By: Brooke Chenoweth
Yoga therapist and doula Jeanne Hauguel is passionate about practicing yoga. She details the benefits of both prenatal and postnatal yoga.
How often do you practice?
I try to practice every day. As a mother of four with a young baby and living on an island, I need to wake up very early to have everybody ready, and I spend most of my days juggling work and the kids’ drop-off, pick-up and activities. Some days are busier than others and don’t allow me any time to myself for a self-practice; in that case, I make sure I practice with my clients while I’m teaching.
I’ve been practicing yoga for almost a decade, but I became addicted six years ago when I realised the benefits it gave me. Yoga completely changed my posture and started to tone my body as I got into a more advanced practice.
What I love about yoga is that, firstly, it’s not a fitness regime or a sport; it’s a way of life, a philosophy. It works on your body but also on your mind – balancing both is the key to having all the benefits of yoga.
I used to have a bad back due to the wrong posture; yoga taught me to be aware of my body. And, of course, learning some anatomy helped me understand why pain or discomfort appear and how to solve or alleviate these issues by strengthening certain areas and stretching others. Now, if there is a day I can’t practice, even just for 20 to 30 minutes, my body tells me something is wrong. I do give myself some breaks here and there, but I always find a moment to at least give myself a good stretch with a few yoga poses and some breathing practice.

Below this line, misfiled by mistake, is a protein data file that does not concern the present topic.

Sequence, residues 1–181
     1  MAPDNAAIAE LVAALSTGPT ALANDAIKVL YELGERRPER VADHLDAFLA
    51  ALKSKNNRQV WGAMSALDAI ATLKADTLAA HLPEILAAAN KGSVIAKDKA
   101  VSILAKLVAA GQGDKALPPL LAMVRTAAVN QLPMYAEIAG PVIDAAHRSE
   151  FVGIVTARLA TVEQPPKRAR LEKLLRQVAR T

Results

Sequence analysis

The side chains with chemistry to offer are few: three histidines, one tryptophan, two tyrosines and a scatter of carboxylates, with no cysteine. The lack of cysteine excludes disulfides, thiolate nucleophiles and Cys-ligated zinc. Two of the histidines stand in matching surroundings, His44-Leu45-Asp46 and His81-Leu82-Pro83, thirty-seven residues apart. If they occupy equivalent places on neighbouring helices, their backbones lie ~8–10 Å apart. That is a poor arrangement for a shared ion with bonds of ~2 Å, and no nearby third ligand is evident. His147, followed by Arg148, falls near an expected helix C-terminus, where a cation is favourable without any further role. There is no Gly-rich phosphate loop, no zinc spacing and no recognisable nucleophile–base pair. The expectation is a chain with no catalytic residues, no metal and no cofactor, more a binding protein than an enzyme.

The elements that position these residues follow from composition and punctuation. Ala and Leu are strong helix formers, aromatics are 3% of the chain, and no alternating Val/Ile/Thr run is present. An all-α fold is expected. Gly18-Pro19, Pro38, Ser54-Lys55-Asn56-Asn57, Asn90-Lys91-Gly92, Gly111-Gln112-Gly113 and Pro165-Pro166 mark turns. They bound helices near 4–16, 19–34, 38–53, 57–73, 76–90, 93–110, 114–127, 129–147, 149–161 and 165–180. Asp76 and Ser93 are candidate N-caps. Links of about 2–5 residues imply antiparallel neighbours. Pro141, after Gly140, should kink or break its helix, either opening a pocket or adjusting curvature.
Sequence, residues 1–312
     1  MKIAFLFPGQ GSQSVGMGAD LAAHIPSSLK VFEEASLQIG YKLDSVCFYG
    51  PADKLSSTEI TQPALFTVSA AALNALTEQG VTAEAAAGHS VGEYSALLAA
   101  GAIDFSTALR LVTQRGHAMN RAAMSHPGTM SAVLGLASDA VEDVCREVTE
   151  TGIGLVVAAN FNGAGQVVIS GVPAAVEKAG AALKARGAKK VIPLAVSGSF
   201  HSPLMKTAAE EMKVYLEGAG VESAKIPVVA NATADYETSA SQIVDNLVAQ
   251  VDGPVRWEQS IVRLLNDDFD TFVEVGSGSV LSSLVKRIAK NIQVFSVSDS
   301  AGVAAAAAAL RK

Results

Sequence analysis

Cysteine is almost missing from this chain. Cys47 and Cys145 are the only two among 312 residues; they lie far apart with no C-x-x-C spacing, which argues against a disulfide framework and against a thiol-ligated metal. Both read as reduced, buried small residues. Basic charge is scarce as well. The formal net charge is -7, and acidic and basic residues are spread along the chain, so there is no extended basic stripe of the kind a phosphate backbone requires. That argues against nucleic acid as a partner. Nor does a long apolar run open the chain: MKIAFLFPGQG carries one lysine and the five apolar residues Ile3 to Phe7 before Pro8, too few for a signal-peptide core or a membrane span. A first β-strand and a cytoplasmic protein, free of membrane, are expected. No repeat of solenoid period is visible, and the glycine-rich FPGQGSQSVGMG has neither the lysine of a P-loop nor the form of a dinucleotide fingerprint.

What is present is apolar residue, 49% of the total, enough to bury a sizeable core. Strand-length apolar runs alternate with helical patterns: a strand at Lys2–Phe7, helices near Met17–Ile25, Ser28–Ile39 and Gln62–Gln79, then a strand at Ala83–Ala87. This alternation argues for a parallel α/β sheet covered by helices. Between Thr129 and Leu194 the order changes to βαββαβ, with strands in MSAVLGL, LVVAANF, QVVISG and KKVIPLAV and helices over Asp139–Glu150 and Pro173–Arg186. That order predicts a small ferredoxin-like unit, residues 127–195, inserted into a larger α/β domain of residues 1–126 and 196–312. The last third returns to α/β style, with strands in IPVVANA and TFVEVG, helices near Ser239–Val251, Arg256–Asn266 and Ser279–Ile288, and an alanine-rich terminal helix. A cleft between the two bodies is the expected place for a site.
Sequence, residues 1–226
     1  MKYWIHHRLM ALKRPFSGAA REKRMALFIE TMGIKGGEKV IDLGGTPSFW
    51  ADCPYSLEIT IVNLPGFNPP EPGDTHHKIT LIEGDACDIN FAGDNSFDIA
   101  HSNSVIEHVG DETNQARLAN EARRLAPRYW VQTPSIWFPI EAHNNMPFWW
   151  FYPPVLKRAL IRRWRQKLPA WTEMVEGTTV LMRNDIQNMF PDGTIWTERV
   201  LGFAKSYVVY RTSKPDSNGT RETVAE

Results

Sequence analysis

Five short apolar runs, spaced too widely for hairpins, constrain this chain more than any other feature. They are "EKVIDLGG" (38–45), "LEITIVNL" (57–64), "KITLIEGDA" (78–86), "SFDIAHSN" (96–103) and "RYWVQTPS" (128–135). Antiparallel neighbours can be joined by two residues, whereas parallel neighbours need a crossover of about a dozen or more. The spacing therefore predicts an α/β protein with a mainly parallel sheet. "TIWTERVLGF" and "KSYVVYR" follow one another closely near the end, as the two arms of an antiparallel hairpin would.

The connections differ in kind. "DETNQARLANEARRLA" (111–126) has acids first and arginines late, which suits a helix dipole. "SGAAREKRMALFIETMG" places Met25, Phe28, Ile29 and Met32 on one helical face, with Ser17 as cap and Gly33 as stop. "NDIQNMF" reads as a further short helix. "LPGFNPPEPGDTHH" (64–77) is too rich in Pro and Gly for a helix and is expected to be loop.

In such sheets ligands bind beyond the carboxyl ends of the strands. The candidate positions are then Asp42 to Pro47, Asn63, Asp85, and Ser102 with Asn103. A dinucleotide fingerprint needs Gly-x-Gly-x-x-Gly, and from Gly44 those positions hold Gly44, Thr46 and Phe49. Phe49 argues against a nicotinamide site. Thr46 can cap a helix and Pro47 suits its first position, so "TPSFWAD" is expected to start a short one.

How long have you been teaching yoga?
I’ve been teaching and practicing more intensely for the past six years. Being a doula, I have a real passion for pregnancy and afterbirth. This is the reason I decided to train as a yoga therapist and pre-/post-natal specialist: to combine both my passion to help other mums feel better during this stages of their lives, and to have better birth and postpartum experiences.
What are the benefits of yoga in pre- and postnatal fitness?
Prenatal yoga really helps alleviate the daily bodily discomfort that comes from changes that occur during pregnancy. It also helps future mothers to prepare their bodies to give birth, and it’s a good way to teach mothers to listen and connect to their bodies, allowing them a better body awareness that will help them during childbirth. Postnatal yoga is great to start early after childbirth (four to six weeks), to teach new mothers how to quickly regain some strength, get rid of some extra weight and shape their bodies back to normal. It also helps to protect new mums from long-term issues that can occur after childbirth.
Any advice for expectant mums looking to try yoga during and after pregnancy?
It’s very important to know that you do not need to be a yogi to start prenatal or postnatal yoga. Pregnancy is a special time in a woman’s life, and having a practice dedicated to the body’s new evolution and condition is important as it helps understanding what is happening inside, alleviates discomfort, and prepares for birth and after.
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This article first appeared in the February/March 2018 issue of Expat Living magazine. Subscribe now so you never miss an issue.